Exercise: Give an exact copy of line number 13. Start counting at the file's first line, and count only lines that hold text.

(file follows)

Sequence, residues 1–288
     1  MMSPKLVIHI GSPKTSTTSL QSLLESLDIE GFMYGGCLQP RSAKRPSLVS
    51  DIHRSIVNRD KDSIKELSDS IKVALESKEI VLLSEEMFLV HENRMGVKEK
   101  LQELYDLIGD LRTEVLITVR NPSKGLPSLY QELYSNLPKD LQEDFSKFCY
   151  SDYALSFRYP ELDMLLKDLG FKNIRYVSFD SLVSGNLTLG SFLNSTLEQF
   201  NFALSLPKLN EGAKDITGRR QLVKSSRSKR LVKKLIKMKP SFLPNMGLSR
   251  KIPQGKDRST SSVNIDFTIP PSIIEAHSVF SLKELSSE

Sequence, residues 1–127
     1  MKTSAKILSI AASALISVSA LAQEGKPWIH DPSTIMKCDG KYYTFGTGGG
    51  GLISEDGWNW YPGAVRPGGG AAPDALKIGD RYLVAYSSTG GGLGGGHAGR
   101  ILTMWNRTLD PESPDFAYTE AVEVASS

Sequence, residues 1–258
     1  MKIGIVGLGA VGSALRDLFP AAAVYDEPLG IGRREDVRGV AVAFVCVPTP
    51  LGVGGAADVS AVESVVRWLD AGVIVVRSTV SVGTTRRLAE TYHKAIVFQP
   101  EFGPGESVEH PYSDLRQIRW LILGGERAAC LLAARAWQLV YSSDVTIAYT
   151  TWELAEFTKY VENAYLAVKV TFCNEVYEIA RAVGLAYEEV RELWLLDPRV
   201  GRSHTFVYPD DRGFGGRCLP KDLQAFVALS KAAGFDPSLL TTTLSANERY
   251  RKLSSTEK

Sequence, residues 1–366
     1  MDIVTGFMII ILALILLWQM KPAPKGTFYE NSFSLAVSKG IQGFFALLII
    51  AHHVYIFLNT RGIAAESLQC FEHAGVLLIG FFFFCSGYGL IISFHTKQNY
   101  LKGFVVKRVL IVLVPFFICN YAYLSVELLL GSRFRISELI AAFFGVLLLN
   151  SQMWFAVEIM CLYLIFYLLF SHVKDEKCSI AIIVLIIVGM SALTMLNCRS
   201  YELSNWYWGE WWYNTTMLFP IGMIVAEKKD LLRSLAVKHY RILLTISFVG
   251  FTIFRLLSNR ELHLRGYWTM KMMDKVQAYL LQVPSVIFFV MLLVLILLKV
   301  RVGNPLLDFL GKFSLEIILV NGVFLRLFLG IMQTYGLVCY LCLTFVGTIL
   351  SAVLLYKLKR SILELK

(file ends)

     1  MKIGIVGLGA VGSALRDLFP AAAVYDEPLG IGRREDVRGV AVAFVCVPTP